If you want to grow your law practice, having a good strategy is important. Figuring out who are your ideal clients and what are the ideal matters you want to work on is an important first step in building a marketing plan. Creating a niche practice area is an important way to ensure that you have differentiated yourself from the competition. Mapping out who are your key referral sources and how you can build relationships with these referral sources is essential. The process of coming up with a marketing plan is anything but mindless. A scattershot approach that lacks focus is far less likely to be effective.
But once you have a strategy and you move to implementation, it is important to shift gears. Successful execution requires consistency. Short bursts of activity followed by long breaks where you just focus on billable work, is not a good way to keep your name top of mind with your network. Since it is hard to predict when your clients, prospective clients, and referral sources will hear about a legal problem that you might be able to solve, slow and steady wins the race.
Shear willpower is unlikely to ensure that you will have the consistency you need to remain visible. Given the time pressures on most lawyers, the only way to build consistency is to create habits that don’t require a lot of thought. In other words, marketing success requires a certain amount of “mindlessness” (e.g. every week, I’ll call three of my referral sources and post twice on LinkedIn; every quarter I’ll give a presentation to an industry group; twice a month, I’ll do a blog post, etc.). The specifics, of course, depend on your practice area and who you want to remind. The bottom line is that you don’t want to have to think about this all the time. Make your plan and then get on autopilot.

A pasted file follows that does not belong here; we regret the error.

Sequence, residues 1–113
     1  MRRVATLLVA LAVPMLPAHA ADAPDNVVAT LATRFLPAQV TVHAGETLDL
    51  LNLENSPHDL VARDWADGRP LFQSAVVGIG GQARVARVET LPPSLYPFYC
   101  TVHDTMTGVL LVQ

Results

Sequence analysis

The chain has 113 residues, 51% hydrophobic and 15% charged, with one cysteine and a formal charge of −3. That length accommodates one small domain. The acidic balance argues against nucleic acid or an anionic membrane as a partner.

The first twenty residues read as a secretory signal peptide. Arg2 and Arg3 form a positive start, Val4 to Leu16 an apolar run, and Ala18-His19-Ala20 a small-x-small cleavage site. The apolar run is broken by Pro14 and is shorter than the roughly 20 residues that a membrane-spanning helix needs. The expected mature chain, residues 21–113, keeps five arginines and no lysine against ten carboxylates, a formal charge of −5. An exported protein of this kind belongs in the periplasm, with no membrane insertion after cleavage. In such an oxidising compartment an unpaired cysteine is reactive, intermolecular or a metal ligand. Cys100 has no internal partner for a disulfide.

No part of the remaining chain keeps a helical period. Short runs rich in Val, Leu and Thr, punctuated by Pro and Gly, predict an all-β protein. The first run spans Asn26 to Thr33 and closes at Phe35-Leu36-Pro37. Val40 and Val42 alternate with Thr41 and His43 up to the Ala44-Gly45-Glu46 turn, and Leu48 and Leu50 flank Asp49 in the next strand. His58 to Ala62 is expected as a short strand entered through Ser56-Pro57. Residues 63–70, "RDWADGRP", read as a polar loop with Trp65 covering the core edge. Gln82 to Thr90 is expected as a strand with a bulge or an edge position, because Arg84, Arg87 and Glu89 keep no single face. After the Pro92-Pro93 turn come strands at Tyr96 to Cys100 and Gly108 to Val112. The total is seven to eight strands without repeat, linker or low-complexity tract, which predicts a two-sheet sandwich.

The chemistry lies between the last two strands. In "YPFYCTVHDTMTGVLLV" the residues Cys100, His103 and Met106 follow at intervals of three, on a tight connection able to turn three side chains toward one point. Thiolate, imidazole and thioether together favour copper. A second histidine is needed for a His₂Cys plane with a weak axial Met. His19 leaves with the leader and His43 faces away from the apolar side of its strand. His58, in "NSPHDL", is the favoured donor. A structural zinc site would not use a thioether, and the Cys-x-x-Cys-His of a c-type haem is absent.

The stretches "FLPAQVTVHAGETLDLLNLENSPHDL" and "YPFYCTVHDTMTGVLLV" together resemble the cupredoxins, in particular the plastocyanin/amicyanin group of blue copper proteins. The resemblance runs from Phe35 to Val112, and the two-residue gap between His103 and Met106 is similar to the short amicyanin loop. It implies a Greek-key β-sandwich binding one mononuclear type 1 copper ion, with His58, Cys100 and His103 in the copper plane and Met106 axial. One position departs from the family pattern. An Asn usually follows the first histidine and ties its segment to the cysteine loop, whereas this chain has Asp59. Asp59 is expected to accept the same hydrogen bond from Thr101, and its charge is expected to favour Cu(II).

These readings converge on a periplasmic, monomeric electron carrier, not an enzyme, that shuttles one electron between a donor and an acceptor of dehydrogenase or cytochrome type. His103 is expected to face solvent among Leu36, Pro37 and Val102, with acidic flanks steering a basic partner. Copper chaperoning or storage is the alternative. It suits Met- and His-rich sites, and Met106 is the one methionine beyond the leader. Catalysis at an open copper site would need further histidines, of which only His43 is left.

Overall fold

There is a lot of research that demonstrates that it is forming habits and not sheer willpower that leads to change. If you’re trying to lose weight, getting in the habit of not stocking high calorie desserts in your freezer and pantry can help. Similarly, forming an exercise habit like going to the gym every Monday Wednesday and Friday morning is more likely to get you to the gym. (For an interesting discussion on the importance of forming habits, there is a great archive edition of the podcast The Hidden Brain-A Creature of Habit.)
Building a law practice is farming not hunting (or put another way, it is a marathon, not a sprint).
As we enter 2021, What are the new habits that you plan to adopt? If you are struggling with this, coaching is one way to help form the habit. Feel free to reach out if you would like to discuss. I’m always happy to hear from lawyers.
Note: While I use the term “mindlessness” to make a point, I’m actually a huge believer in mindfulness practice. If you are looking for a good path into mindfulness, check out the Ten Percent Happier app on your smartphone. Even a 5 minutes a day can help you reduce your stress and gain more focus. I also invite you two listen to the interviews I did earlier this year with Dr. Inna Khazan (Episode 33-Mindfulness, Biofeedback and the Practice of Law and Episode 37-Managing Anxiety in a Time of Crisis.)